A 1971 painting by Will Barnet, depicting a mother and child in front of a fireplace, has a fitting title: “Reflection.” The people in Barnet’s art are usually reflecting – on couches, on balconies, in studios, in trees, on windowsills, lost in thought. Emotions are elusive: They rarely smile, but they’re usually not sad either. They often dress in black, and if Barnet were an animator, they might move across the frames like spirits.
One thing is for certain: Spending time with them in an art museum is a pleasant and inspiring experience. “Will Barnet at 100: Eight Decades of Painting and Printmaking,” at the Boca Raton Museum of Art through May 20, celebrates the centenary of this renowned artist and educator, who, at 101, has outlived many of pupils (Mark Rothko and Cy Twombly among them). The exhibition does not purport to be a complete retrospective – you would need a much bigger gallery space for that – but it offers examples of the many genres Barnet would inhabit over eight decades, from social-realist chronicler of the Great Depression to the creative detours into geometric expressionism and cubism that would eventually foster the signature Barnet style from 1961 to 2003: figurative realism, the stuff of muted colors, prominent lines and copious lived-in warmth.
To describe Barnet’s art in writing is to reduce it to banality. A woman plays chess. A woman looks out of her window. A boy plays paddleball. A woman lies on a hammock. (Most of the people he paints are members of his immediate family.) Through repetition of style and purity of artistic vision, these images of everyday actions (and inactions) take on their own compelling reality – a two-dimensional world at peace with itself, with man, animals, nature and architecture all inhabiting the same harmonious plane.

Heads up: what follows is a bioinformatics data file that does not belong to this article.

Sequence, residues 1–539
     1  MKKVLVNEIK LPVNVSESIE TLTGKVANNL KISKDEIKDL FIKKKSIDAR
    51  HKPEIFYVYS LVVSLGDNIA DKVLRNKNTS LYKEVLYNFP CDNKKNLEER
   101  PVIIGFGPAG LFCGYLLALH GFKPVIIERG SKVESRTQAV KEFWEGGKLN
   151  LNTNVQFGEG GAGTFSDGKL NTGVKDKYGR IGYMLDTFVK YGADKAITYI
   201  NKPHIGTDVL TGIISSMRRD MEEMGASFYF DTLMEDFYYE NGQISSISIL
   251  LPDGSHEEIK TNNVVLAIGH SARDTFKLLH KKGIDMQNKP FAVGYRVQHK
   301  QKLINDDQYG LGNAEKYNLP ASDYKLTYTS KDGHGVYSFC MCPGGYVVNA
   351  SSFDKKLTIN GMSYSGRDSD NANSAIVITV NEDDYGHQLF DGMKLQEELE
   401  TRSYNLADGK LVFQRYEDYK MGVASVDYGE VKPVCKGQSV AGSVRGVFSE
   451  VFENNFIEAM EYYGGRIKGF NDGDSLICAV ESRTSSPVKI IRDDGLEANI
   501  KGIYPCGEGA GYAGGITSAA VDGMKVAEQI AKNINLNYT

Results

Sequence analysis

Though most of the works on display are of a figurative nature, this is a wonderful exhibition for abstractionists, because Barnet’s paintings work on that level as well: They are perfectly, painstakingly devised and revised (some took years at a time) to Barnet’s specifications, and by showing us early studies next to the paintings to come, the exhibit gives us a glimpse into his process. Barnet understood the geometry of the image better than almost anyone, with straight lines always juxtaposed with the curves of its figures. His subjects, you can argue, are just another artistic tool; even their long, flowing hair is its own aesthetic object, adding artistic heft to certain areas of his canvases.
Barnet completed a series of paintings inspired by poetry, which is only fitting. Poets could easily return the favor by drawing their own inspiration from Barnet’s open-book images of beautifully rendered stasis. Even if you’re just visiting the Boca Museum for its jaw-dropping “Contemporary Glass” exhibition, make sure you reserve some time to spend with Barnet – you won’t regret it.
“Will Barnet at 100” is at the Boca Raton Museum of Art, 501 Plaza Real, Boca Raton. Call 561/392-2500 or visit bocamuseum.org.